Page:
(First published at 6:42 a.m. MDT July 14, 2016. Updated at 6:44 p.m. July 14 [added the first two photos].)
A fire in Rapid City, South Dakota that started at 7:25 p.m. on Wednesday burned 13 acres on “M Hill”, a very popular hiking area. A benefactor, Edna Marie “Eddie” Larson, created a trust to fund the construction and maintenance of a 20-mile hiking trail system in the 300-acre Hanson-Larsen Memorial Park.
Above: Tanker 07, a P2V, drops on the Red Canyon Fire July 9, 2016. Photo by Bill Gabbert.
The lightning-caused Red Canyon Fire was reported at 12:45 p.m. MDT on Saturday 9 miles southwest of Pringle, South Dakota but an aggressive attack on the ground and from the air stopped it at 13 acres.
In addition to engines, and water tenders and four hand crews, at least 10 aircraft joined the battle. We were there for a couple of hours and observed one large air tanker, at least five single engine air tankers, one Sikorsky Skycrane helicopter, a lead plane, an air attack ship, and an Astar B3 helicopter.
With the assistance of dozers, firefighters had constructed a line around the blaze by 6 p.m.
The fire will be staffed all night. Breakfast for 60 people has been requested to be delivered to the fire scene at 6 a.m. on Sunday and the day shift will be briefed at 7 a.m.
Fire Aviation has a photo gallery of aircraft being used on the fire.
Above: Air Tanker 161, an RJ85, drops on the north side of the Crow Peak Fire at 4:56 p.m. MDT June 27, 2016. Photo by Bill Gabbert.
(UPDATED at 9:20 a.m. MDT June 30, 2016)
As the 1,350-acre Crow Peak Fire near Spearfish, South Dakota enters its seventh day firefighters will begin firing operations Thursday morning on the southwest and northeast sides. Local residents will see an increase in fire activity as the unburned fuels are removed between the main fire and the prepped lines firefighters have been working on in recent days.
The Incident Management Team reports that structure protection is in place for all structures in the vicinity of the firing operations, and air resources will be used as needed.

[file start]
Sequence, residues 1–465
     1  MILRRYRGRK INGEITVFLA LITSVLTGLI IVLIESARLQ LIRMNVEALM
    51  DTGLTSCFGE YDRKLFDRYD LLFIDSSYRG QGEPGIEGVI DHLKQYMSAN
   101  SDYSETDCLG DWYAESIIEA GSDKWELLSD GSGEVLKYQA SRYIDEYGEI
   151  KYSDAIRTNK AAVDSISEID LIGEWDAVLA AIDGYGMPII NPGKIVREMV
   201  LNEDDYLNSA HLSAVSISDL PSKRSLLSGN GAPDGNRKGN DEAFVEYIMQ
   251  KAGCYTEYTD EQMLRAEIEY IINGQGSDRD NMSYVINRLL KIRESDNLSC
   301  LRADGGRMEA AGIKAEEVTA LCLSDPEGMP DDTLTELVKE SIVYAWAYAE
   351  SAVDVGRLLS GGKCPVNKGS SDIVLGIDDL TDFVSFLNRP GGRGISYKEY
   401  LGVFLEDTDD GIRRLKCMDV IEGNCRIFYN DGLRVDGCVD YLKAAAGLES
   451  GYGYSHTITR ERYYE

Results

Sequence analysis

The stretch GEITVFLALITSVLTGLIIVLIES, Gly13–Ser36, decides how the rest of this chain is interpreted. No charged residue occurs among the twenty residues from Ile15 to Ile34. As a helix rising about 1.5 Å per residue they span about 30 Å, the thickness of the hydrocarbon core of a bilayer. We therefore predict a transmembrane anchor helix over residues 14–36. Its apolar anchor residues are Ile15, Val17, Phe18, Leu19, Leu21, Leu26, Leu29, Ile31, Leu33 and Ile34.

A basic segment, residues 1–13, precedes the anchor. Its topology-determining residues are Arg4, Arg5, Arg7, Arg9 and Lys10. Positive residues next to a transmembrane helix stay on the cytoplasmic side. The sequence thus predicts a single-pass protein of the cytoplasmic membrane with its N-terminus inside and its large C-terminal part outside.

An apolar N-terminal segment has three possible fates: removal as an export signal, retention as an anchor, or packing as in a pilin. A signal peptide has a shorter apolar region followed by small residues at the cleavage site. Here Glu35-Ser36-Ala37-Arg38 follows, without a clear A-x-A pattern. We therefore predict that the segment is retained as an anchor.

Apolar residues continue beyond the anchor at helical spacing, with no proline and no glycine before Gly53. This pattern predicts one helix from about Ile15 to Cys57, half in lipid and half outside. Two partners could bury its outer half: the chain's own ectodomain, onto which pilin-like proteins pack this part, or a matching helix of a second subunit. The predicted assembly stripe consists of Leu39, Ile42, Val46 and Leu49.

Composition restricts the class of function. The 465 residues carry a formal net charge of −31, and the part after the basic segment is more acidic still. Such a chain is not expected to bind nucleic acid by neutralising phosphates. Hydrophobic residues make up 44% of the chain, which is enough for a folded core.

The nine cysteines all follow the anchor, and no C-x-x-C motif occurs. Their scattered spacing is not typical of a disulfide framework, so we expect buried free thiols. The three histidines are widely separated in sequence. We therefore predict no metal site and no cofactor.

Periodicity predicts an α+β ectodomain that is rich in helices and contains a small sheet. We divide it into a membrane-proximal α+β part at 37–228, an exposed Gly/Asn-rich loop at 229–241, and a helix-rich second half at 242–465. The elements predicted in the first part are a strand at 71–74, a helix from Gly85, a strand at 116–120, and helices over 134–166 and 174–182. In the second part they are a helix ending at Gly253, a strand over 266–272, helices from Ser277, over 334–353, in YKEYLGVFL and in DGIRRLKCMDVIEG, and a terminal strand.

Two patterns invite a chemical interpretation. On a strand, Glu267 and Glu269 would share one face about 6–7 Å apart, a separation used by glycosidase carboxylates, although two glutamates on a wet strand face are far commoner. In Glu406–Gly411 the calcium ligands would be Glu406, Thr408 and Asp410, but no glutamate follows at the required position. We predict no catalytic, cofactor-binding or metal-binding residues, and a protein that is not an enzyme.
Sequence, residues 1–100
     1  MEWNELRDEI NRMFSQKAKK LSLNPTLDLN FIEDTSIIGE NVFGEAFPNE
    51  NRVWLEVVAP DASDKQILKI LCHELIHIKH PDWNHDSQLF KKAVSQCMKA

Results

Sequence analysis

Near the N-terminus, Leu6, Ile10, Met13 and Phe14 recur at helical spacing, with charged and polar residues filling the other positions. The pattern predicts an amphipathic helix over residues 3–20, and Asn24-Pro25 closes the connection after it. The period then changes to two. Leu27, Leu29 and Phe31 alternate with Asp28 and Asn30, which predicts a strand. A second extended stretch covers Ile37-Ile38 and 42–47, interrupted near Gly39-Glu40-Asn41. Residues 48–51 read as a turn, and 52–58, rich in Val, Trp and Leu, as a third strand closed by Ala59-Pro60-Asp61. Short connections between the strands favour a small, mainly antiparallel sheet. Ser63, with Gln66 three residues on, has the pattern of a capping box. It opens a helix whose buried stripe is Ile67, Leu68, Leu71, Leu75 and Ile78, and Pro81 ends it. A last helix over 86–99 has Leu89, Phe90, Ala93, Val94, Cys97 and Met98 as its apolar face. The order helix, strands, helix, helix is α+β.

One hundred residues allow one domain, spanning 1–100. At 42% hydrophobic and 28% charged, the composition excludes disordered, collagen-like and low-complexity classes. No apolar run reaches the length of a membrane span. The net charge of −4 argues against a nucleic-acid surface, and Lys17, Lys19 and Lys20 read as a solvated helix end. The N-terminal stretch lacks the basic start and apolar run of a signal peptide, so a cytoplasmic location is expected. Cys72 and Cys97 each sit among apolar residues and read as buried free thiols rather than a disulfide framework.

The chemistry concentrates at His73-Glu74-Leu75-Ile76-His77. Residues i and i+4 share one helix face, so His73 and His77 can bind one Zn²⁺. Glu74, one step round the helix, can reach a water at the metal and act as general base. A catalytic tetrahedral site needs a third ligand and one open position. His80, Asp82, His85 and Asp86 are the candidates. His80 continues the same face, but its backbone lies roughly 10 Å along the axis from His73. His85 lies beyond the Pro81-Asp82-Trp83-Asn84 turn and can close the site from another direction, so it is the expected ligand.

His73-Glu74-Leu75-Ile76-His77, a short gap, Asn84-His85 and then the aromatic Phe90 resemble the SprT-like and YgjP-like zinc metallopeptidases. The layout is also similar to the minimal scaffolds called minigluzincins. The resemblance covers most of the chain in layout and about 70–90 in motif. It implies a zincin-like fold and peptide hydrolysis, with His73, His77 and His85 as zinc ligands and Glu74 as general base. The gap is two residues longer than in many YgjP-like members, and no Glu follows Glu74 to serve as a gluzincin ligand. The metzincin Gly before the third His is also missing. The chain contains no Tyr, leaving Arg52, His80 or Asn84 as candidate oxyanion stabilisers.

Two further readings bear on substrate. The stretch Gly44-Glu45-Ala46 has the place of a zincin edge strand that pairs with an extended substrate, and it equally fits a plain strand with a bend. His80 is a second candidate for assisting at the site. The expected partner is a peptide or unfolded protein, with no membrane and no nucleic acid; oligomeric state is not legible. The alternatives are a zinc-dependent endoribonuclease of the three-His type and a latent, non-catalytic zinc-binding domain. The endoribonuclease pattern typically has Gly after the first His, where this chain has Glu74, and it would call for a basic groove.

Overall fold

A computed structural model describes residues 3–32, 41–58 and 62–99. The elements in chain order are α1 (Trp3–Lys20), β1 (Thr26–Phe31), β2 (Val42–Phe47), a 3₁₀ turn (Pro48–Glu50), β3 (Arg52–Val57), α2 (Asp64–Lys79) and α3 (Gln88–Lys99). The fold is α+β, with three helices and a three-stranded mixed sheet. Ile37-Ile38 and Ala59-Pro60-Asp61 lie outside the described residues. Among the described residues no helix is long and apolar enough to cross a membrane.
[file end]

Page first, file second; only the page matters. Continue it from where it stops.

Voluntary and pre-evacuation notifications remain in effect along Crow Peak Bench Road. Voluntary evacuation notices were made along Crow Creek Road.
(UPDATED at 5:34 p.m. MDT June 28, 2016)
The Incident Management Team on the Crow Peak Fire near Spearfish, South Dakota reported that a Monday night flight by a heat-sensing fixed wing aircraft determined that the fire has burned 943 acres.
In addition to the large air tankers that have been flying out of Rapid City Regional Airport assisting firefighters on the Crow Peak Fire, four single engine air tankers (SEATs) have been working out of the permanent SEAT base at the Gillette, Wyoming airport (map). It is our understanding that the equipment at the base was given to Campbell County Fire by Weston County to assist in suppressing fires in northeast Wyoming, southeast Montana, northwest South Dakota, and southwest North Dakota.
(UPDATED at 10:30 p.m. MDT June 27, 2016)
The Crow Peak Fire was actively backing down the steep slopes of Crow Peak again on Monday. We were 21 miles away in Sturgis at 3:15 when it put up a convection column for a while (scroll down to see the photo). Later we got closer and grabbed a few photos.
At 4 p.m. on Monday the Incident Management Team estimated the size at 1,000 acres. They explained that the increase in smoke was due to interior burning on the southern portion of the fire. Firefighters are continuing burning operations on the north side.